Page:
While customer experience strategies and transformations must include a priority focus on the employee experience, they often don’t. Many companies believe they can improve the customer experience without improving the employee experience.
Big mistake. The correlation is real. Happy employees lead to happy customers.
So why don’t we just talk about people experience strategies, instead? Let’s focus on making companies more people-centric rather than profit-centric. Yes, companies must make money, but there’s a better way of doing it that benefits all constituencies involved.
Linking People-Centricity to Business Success
We already know great customer experiences drive business growth and success. What most companies fail to acknowledge is that the people behind the delivery of that customer experience must come first. Focusing on employees isn’t only the right thing to do, it’s good for business too.
This is nothing new: witness the Service-Profit Chain, a linkage established by James L. Heskett, W. Earl Sasser and Leonard A. Schlesinger more than 20 years ago. As you can see, when you put employees first, they’ll do right by your customers – and the business benefits in the end.
Changing Culture, Mindsets and Behavior
So how do you design a people-centric culture? For most companies it involves a culture shift, a mindset shift and a behavior shift.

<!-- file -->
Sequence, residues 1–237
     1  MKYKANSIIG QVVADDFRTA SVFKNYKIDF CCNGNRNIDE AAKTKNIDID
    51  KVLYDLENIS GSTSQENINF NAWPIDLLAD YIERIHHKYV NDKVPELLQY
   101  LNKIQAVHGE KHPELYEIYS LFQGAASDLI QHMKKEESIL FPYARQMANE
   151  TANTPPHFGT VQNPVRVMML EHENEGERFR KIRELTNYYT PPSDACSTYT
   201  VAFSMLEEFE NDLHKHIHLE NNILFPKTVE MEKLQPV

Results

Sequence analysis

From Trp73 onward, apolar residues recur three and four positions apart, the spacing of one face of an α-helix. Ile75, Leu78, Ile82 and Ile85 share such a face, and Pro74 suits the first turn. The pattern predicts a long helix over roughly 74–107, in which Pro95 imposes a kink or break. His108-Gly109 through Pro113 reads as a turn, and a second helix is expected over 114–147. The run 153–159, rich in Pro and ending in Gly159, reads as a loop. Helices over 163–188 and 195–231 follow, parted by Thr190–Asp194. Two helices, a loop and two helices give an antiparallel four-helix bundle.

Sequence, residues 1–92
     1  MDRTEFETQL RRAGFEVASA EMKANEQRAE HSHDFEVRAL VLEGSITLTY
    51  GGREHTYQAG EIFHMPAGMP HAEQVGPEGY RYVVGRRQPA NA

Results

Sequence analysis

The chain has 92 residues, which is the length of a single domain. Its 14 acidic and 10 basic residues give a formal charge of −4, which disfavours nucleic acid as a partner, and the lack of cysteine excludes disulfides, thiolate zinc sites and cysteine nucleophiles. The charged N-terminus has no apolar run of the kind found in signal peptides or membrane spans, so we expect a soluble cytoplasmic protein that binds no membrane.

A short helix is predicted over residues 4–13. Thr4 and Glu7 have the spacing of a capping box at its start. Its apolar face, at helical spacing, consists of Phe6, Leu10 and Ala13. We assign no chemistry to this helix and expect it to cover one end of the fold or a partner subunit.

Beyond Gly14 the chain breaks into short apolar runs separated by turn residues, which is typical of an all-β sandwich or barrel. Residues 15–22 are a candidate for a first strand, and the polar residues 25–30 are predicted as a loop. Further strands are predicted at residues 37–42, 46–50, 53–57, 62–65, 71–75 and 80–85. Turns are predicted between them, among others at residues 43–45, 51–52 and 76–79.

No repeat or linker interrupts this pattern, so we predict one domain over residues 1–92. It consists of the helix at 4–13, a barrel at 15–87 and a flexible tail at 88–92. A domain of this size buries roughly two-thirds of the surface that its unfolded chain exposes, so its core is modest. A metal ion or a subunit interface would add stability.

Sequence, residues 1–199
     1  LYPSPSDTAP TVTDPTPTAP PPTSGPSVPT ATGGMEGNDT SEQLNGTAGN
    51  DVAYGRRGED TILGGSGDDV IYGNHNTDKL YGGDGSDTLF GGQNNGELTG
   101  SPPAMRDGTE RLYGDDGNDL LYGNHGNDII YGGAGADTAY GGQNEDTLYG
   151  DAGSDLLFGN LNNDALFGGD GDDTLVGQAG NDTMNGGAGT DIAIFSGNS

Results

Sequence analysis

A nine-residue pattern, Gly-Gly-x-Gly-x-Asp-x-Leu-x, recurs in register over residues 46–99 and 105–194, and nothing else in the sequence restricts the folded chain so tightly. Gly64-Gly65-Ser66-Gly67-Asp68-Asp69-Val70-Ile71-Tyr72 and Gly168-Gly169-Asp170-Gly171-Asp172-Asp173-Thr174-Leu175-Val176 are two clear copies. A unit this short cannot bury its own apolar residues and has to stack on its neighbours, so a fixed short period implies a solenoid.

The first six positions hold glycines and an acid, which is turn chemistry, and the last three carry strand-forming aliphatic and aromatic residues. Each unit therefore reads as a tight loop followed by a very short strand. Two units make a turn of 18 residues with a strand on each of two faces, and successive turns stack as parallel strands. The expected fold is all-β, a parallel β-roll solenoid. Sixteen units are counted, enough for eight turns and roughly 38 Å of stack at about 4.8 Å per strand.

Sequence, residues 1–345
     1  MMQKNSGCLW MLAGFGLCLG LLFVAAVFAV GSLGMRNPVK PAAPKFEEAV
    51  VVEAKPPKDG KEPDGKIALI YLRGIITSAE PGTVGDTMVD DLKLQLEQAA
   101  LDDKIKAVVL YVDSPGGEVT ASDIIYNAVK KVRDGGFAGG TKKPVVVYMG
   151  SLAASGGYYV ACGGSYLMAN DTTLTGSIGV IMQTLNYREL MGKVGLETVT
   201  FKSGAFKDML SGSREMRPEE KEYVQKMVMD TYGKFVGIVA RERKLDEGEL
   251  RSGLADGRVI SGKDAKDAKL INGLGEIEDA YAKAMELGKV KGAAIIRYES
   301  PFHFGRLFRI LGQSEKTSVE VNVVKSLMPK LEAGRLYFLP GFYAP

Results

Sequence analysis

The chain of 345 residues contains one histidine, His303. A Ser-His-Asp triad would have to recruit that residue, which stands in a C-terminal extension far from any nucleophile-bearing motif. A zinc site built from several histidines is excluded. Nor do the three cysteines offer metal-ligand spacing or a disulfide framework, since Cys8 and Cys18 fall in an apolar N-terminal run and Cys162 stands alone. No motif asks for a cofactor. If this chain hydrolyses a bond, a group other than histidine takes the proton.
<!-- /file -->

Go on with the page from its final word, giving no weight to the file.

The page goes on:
Let’s start with a definition of culture. What is it?
My favorite definition is this one (attributed to both Gerard Seijts and Herbert Kelleher): “Culture is what people do when no one is looking.” To add a little more detail, culture = values + behavior.
That’s it: core values and behaviors. When a business’s core values are clearly defined, the right behavior is easy, a no-brainer. That’s what we mean when we say, “what people do when no one is looking.” And these behaviors are part of what I’m referring to when I talk about a culture shift, a mindset shift and a behavior shift.
And once again, if you need further incentive, focusing on culture and a culture shift benefits your bottom line:
“Companies that are customer-centric are 60 percent more profitable.” -Deloitte “A stronger culture leads companies to perform higher in revenue growth, operating margin, and total shareholder return.” -Aon Hewitt
Those stats are all rosy and lovely, but the current reality and the current culture story for most companies is much different. More like this…
“18 percent of companies with CX programs still aren‘t engaged in any major programs to create a customer-centric culture.” -Forrester
I’ve used these stats because I’ve allowed for “customer-centric” to include a primary focus on employees, something that I’m sure these reputable consulting firms have taken into consideration.
So, the key to developing this culture, first and foremost, is well-defined core values and guiding principles, which provide a clearer outline of behaviors that align with the core values, behaviors that support a people-first mindset.
Related Article: How a Strong Corporate Culture Translates to Organizational Success
Painting the Big Picture
Next up are mission, vision, and purpose. When everyone knows the vision and the objectives of the company, they feel included and part of something bigger, working together to make sure the business is successful.